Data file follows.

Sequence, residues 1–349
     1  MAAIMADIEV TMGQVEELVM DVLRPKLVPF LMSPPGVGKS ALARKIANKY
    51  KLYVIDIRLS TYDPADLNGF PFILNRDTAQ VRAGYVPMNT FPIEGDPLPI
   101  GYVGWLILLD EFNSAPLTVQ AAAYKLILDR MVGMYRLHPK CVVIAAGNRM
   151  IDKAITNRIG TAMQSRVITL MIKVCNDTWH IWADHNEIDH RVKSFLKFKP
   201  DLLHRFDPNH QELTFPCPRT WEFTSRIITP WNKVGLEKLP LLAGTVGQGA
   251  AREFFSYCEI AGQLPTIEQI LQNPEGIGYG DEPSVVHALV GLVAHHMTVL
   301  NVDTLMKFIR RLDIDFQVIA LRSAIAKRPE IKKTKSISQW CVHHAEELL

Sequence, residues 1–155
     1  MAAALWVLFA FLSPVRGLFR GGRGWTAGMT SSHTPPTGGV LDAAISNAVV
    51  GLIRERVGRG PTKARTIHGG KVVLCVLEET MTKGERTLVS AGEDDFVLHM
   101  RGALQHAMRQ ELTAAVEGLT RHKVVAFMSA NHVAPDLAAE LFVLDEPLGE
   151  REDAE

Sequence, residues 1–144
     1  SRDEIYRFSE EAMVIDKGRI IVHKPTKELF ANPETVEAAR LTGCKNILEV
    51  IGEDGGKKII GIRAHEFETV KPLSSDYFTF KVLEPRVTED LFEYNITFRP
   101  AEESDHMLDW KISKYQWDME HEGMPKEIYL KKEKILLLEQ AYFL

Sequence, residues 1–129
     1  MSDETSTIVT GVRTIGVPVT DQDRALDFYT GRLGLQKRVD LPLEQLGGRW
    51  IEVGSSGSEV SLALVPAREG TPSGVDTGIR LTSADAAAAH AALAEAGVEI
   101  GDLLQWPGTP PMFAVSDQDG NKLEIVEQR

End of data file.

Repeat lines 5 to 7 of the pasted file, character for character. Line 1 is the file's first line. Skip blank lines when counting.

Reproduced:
   151  IDKAITNRIG TAMQSRVITL MIKVCNDTWH IWADHNEIDH RVKSFLKFKP
   201  DLLHRFDPNH QELTFPCPRT WEFTSRIITP WNKVGLEKLP LLAGTVGQGA
   251  AREFFSYCEI AGQLPTIEQI LQNPEGIGYG DEPSVVHALV GLVAHHMTVL